Broad finished with six for 51 as England bowled the Kiwis out for 254 and were therefore able to enforce the follow-on, despite half-centuries from the prolific Brendon McCullum (69) and BJ Watling (60). Even after that pair's century stand for the sixth wicket, New Zealand still could not quite eke out enough runs to escape the follow-on.
They fared much better, on the way to 77 for one, second time round. Broad, however, is confident he and his fellow bowlers have found the key to prosper on a wicket which still favours bat. He said: "I'm delighted to have picked up 'five-for' in a Test match, but more importantly to have bowled New Zealand out to be able to enforce the follow-on - and I hope we'll get some early wickets tomorrow."
England had no option but to put their hosts back in again, with the remnants of Cyclone Sandra set to hit Wellington late on Sunday before a deluge on Monday.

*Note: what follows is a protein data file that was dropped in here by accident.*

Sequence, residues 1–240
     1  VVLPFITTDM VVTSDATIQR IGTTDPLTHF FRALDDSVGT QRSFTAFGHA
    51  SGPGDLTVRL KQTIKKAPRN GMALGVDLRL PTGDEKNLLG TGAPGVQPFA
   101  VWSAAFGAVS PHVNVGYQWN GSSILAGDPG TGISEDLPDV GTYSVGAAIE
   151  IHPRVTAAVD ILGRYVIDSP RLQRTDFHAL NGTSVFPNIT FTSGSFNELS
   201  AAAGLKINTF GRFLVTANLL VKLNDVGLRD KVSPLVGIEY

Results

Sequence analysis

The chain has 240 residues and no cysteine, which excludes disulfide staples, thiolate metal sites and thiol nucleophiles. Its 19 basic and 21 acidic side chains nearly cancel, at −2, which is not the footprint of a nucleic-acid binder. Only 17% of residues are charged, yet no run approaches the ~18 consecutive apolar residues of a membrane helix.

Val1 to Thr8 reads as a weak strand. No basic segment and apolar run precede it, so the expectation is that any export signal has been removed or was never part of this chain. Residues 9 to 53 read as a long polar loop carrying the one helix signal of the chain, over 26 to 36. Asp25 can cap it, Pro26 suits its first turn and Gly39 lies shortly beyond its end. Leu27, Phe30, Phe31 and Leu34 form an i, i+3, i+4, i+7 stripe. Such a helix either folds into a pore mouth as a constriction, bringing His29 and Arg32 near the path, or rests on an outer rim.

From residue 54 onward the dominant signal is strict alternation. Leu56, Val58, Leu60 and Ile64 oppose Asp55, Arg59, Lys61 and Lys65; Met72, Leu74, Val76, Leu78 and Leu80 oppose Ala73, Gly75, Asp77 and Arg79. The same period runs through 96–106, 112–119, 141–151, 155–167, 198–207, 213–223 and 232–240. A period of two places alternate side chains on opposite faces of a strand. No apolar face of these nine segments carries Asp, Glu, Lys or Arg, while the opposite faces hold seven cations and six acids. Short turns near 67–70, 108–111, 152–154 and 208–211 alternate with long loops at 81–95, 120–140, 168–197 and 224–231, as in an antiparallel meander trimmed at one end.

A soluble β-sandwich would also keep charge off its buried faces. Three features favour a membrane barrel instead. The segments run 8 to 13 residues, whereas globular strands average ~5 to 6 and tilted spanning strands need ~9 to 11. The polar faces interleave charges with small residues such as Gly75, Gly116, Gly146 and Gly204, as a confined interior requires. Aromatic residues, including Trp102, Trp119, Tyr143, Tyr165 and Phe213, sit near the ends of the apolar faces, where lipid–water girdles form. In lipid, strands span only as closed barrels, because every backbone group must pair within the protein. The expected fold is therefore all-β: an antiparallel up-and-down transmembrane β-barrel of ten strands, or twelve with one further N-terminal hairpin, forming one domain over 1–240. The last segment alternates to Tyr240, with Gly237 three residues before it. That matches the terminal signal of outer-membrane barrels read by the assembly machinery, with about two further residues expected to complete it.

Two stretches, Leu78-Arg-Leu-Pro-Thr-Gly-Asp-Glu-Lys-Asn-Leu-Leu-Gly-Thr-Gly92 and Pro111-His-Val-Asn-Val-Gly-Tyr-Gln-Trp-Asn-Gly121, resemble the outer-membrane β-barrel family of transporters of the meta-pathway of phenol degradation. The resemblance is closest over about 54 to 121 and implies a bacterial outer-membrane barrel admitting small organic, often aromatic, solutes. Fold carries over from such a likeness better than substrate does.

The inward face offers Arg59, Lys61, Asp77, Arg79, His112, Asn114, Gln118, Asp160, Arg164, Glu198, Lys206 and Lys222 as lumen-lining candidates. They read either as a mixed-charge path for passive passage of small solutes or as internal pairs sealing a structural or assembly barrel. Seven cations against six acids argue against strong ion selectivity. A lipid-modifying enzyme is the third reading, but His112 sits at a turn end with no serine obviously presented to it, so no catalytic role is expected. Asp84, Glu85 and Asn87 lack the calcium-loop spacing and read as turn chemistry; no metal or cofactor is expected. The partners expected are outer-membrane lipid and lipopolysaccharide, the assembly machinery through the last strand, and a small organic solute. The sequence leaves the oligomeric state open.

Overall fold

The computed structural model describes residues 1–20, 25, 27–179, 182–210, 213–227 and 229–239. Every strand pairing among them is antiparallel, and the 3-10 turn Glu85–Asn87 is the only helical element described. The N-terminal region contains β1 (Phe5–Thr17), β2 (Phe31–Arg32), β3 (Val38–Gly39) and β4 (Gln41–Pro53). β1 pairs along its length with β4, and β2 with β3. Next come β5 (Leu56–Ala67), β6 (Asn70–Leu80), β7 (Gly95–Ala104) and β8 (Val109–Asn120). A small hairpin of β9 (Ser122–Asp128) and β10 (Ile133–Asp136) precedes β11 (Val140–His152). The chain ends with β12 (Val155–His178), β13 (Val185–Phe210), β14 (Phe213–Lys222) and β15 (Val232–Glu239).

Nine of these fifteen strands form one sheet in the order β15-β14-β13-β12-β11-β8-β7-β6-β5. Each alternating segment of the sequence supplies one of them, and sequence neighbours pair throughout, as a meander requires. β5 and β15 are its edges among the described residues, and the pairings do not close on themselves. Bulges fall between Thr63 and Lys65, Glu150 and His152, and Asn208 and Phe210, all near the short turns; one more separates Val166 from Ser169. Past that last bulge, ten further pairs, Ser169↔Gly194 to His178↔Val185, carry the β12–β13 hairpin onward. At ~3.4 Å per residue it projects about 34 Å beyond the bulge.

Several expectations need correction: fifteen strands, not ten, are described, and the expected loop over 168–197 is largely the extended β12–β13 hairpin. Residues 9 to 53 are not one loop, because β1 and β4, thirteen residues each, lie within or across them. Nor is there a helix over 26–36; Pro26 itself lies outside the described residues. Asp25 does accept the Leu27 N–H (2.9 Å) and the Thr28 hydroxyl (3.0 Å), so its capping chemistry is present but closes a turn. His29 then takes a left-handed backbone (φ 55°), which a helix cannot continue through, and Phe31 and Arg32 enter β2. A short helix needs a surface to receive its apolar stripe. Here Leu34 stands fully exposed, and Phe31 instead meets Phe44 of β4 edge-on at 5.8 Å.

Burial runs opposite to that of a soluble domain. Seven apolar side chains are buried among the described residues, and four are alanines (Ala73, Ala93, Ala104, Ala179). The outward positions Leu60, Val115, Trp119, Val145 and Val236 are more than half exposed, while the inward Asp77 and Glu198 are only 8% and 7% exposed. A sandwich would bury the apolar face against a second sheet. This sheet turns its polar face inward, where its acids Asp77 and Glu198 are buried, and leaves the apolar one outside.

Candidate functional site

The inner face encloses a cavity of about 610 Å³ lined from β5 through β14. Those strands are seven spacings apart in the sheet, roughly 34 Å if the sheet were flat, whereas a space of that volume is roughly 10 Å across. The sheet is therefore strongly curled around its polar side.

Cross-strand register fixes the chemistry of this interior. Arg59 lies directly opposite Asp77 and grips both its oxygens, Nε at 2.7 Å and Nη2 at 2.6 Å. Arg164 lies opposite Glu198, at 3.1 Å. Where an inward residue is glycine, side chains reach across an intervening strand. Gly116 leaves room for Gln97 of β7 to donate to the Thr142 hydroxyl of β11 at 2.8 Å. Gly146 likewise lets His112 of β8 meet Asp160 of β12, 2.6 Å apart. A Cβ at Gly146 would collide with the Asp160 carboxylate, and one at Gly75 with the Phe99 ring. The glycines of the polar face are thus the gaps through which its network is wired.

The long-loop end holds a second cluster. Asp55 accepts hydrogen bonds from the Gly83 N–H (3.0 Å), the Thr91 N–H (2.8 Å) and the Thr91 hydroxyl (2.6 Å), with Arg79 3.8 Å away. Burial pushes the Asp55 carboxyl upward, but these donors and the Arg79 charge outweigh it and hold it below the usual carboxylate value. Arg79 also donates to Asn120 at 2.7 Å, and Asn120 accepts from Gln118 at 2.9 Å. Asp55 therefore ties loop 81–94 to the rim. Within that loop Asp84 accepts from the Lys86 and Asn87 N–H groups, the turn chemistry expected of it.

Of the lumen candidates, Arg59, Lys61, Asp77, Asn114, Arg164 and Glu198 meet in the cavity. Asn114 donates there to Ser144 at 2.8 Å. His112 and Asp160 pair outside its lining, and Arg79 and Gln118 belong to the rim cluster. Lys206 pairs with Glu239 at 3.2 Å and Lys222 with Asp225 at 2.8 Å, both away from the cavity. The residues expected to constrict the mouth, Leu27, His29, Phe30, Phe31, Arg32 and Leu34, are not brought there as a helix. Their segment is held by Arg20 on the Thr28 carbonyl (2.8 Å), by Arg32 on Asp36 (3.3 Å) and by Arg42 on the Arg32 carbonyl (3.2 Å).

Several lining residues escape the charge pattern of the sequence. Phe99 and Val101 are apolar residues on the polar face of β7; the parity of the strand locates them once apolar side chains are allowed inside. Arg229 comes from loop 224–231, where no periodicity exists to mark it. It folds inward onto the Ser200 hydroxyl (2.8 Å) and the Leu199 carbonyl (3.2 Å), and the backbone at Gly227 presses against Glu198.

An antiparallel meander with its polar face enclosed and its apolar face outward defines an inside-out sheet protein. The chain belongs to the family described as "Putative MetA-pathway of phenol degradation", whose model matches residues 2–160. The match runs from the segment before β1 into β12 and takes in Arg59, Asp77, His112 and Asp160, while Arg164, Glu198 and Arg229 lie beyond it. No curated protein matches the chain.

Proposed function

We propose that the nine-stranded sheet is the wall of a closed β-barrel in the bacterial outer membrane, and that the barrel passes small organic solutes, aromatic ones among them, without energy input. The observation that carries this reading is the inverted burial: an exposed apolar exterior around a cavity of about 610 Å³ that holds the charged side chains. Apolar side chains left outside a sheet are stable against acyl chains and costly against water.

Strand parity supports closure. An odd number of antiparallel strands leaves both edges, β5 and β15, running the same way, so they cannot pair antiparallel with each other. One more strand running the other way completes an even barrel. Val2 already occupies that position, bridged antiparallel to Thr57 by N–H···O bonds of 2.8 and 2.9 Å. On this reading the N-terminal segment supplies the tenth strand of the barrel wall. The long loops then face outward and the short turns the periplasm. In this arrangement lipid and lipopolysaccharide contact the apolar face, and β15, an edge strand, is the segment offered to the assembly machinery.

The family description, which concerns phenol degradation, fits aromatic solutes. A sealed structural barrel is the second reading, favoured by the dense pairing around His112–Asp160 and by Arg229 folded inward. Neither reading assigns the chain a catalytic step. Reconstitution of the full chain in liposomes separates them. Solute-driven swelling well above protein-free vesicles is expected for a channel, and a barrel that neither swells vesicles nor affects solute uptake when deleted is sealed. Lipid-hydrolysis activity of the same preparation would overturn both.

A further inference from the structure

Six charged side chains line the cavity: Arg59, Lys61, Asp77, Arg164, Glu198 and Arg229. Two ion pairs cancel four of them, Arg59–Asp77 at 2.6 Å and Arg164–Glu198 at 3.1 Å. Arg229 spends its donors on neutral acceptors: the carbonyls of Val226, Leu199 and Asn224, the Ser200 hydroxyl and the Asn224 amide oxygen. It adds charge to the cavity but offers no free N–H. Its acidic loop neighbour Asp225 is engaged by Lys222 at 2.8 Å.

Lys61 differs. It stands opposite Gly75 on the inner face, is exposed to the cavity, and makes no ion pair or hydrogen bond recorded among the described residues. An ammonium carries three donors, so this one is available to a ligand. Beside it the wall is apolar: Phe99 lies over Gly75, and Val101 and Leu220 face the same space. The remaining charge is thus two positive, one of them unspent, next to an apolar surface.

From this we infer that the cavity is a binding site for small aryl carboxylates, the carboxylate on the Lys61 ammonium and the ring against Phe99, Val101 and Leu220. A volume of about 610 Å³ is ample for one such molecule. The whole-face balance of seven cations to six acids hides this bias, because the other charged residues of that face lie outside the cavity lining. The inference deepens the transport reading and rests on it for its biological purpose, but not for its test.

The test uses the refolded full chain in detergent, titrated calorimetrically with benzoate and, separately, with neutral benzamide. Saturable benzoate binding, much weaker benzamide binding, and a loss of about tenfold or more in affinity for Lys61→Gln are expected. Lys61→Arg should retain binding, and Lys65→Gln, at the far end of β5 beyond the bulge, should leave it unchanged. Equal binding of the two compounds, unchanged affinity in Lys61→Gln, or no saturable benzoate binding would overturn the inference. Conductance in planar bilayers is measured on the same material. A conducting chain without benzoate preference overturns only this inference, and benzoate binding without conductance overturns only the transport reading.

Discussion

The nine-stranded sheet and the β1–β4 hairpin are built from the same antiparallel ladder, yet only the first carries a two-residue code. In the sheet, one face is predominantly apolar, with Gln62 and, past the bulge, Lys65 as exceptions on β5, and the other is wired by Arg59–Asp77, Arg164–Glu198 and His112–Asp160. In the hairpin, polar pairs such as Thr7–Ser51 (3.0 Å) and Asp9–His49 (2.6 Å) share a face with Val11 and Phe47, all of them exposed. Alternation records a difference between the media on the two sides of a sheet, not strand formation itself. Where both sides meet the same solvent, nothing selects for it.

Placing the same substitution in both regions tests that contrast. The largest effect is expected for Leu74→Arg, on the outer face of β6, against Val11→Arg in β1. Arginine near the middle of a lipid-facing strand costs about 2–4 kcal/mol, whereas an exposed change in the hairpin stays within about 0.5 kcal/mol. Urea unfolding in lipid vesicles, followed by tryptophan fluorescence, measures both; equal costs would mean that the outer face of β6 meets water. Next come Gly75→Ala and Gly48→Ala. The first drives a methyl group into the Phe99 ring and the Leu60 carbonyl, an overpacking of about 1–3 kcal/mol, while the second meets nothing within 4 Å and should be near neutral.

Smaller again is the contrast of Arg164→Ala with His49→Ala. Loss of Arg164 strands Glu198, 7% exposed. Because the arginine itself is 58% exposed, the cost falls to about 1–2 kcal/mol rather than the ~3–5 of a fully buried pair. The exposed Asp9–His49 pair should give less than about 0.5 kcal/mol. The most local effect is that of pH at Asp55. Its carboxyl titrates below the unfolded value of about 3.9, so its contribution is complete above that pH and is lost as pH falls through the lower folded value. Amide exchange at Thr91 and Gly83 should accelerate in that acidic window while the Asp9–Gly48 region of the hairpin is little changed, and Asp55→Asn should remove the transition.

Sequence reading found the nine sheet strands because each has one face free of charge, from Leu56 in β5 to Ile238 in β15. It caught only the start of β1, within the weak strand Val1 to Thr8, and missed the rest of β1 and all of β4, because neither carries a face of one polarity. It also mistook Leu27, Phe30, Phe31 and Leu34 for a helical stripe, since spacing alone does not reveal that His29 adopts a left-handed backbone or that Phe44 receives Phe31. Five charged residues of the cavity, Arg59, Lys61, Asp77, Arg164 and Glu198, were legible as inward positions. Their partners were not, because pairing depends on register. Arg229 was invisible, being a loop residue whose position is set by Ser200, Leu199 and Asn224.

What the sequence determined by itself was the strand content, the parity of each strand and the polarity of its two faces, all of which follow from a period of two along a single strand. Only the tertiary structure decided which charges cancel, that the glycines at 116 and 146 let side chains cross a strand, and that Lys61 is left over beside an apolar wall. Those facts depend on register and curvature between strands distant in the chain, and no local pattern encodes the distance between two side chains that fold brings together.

"With the weather around, it was important to be able to enforce that," said Broad. "It's not often enforced, because the bowlers tend to like a bit of a rest, and it's good to get their batsmen back out in the field and build a big lead with scoreboard pressure.
"But with the (weather) radar around, it's really unsure how much cricket will be left in the next two days. That was the only reason behind it.
"It will be a 'reset' tomorrow, build patience because it's still a very good batting wicket. There's not a lot there, especially for the seamers."
Broad's pace colleague James Anderson spent a short time off the field in the final session on Saturday, with a stiff back.
But he was still able to get through his share of overs, and England are optimistic he will be fine on Sunday.
Broad said: "I think he's okay. He's just torn into that wind for 20 overs and it's taken it out of him a little bit. This wind, howling through, can stiffen the body up quite badly. So it's about keeping mobile."
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